- Thanks to alumni donations directed to the Student Activity Fund, a third year Arts/Law student has helped to raise the profile of young Australian entrepreneurs by joining the Australia Israel Chamber of Commerce (AICC) trade mission in Tel Aviv. Read more here.”
- In June 2012, thanks to gifts for the Student Activity Fund – which is part of The Dean’s Scholarship Fund – International and Global Studies student Daniel Barabas has represented the University at Golden Key’s International Scholar Laureate Program on Diplomacy and International Relations. Over two weeks in Beijing, Xi’an, and Shanghai, he discussed foreign affairs with diplomats, students and academics from China and around the world. A cultural program enabled him to visit historical landmarks such as Tiananmen Square, the Forbidden City and the Terracotta Warriors.
- Earlier this year, support from the same program helped Tom Neale to visit Vancouver for the Harvard World Model United Nations Conference. Describing this experience as “incredibly rewarding”, Tom said that his trip provided “a rare opportunity to debate international relations issues and solve problems with leaders of tomorrow from around the world, while at the same time, developing my own personal skills and networks.”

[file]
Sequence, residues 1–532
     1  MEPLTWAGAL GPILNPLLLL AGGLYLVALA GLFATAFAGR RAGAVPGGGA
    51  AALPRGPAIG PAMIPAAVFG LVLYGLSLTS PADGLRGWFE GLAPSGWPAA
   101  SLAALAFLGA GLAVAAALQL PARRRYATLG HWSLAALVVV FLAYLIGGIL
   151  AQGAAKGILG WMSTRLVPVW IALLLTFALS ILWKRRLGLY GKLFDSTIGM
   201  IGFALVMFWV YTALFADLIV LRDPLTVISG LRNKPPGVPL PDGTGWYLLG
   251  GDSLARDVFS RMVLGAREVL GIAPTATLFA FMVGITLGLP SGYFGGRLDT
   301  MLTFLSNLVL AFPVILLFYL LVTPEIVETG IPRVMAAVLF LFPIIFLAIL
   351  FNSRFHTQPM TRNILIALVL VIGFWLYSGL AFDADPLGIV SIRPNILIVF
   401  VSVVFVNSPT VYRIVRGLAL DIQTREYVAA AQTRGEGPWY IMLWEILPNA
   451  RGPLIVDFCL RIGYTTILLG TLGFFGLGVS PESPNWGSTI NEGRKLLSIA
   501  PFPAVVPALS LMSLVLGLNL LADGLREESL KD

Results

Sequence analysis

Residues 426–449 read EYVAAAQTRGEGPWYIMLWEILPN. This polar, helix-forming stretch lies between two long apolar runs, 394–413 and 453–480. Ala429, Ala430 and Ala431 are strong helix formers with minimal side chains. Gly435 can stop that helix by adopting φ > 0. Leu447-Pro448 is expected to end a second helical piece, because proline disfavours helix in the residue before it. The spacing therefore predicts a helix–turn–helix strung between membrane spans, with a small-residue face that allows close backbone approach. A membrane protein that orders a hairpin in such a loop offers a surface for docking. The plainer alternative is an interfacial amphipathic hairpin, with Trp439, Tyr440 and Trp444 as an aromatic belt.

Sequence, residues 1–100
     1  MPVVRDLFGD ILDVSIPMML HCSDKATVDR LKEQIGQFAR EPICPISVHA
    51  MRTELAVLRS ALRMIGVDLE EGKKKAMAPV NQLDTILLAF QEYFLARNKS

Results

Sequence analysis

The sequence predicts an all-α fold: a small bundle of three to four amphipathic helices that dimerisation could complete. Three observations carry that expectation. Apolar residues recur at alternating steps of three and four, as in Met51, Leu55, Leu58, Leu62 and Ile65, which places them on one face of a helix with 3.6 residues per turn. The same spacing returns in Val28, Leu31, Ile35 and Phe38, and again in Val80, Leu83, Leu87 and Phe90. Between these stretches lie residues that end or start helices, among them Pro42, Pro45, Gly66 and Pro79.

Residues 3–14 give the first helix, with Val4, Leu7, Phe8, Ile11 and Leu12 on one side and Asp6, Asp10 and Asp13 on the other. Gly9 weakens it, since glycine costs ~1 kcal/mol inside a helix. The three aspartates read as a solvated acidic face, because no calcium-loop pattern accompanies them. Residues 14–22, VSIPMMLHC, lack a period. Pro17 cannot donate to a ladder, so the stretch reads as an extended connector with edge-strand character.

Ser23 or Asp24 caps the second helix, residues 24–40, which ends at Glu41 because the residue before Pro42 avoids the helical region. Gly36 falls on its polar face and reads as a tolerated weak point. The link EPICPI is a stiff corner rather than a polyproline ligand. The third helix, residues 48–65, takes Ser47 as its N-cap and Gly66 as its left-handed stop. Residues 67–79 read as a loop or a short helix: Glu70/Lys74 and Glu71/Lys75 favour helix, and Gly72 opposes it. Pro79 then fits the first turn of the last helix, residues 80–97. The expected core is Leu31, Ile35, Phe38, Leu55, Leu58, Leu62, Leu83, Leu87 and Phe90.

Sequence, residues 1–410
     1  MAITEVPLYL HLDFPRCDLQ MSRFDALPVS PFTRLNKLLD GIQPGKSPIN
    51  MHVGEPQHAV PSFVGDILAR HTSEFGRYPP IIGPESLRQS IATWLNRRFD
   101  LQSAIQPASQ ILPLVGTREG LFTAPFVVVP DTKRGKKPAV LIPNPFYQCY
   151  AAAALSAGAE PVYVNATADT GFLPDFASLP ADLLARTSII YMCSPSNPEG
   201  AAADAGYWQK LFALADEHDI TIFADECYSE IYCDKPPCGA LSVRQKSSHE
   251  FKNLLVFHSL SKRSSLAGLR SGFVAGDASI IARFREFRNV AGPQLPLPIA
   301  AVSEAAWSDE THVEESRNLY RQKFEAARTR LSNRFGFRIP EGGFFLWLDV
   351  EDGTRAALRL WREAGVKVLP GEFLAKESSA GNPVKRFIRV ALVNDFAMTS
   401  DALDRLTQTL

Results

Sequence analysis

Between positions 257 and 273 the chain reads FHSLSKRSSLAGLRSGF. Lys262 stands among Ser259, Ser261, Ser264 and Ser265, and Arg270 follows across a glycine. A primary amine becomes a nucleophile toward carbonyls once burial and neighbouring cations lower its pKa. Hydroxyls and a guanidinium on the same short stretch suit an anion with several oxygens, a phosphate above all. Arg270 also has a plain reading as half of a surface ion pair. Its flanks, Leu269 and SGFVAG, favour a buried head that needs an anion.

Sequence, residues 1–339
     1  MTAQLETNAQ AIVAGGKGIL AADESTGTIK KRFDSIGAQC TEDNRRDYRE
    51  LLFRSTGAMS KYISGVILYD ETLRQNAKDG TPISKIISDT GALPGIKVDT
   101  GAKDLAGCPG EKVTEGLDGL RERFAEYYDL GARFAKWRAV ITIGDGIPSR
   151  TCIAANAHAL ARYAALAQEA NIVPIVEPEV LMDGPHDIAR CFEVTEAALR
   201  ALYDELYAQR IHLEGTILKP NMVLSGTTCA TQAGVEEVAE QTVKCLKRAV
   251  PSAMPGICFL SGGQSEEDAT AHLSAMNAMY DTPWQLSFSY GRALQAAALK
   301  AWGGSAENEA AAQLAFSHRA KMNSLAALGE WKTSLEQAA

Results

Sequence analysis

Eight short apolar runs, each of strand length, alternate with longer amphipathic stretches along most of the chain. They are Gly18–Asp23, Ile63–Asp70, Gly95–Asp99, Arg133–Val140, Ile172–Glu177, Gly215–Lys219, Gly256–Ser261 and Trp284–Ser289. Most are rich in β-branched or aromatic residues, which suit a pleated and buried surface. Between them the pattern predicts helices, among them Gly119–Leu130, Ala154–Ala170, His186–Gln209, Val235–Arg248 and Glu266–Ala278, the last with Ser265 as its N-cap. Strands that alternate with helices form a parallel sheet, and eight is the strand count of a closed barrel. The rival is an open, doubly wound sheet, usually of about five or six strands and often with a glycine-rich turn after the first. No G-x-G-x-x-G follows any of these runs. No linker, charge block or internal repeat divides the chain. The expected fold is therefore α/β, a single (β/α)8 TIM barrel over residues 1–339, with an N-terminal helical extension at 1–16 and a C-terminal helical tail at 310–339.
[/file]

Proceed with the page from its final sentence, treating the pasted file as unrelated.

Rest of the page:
- Recipient Hannah Donnelly said of the support that this new program provides to undergraduate students, “During my degree, I had the incredible opportunity of seeing how the UN works from the inside by attending the 10th Session of the UN Permanent Forum on Indigenous Issues in New York. The Student Activity Fund will give future arts students the chance to have life-changing personal development experiences just like mine.”
- The International Exchange Scholarships Scheme is helping our undergraduates to access life-changing experiences overseas. More information, including about scholarship winners, can be found at: http://sydney.edu.au/arts/future_students/international_exchange.shtml.
- Other gifts to the have helped Arts and Social Sciences students present their research at the Kule Institute for Advanced Studies Undergraduate Conference at the University of Alberta, Canada, and participate in the 180 Degrees International Project and The UN Youth National Conference. Extending our students’ learning beyond the classroom in this way enormously enriches their education. Speaking in 2011 when the Student Activity Fund was launched, Senthorun Raj explained that, "Participating in extra-curricular and community activities while studying helped me broaden my academic perspectives and realise my passions for social justice. This new fund will be an immense help to students by supporting them to actively pursue their interests and become engaged members of the community."
- In addition, alumni gifts have made possible limited scholarship “top-up” payments for the impressive international students studying for our groundbreaking Masters of Human Rights and Democratisation. Read more about one of these students here. In 2012, the inaugural Dean’s Prize was awarded to MHRD student Neha D’Souza.
- Thanks to support from alumni and friends, an announcement about the 2013 Cite Residency awards has been made by the Department of Art History and Film Studies.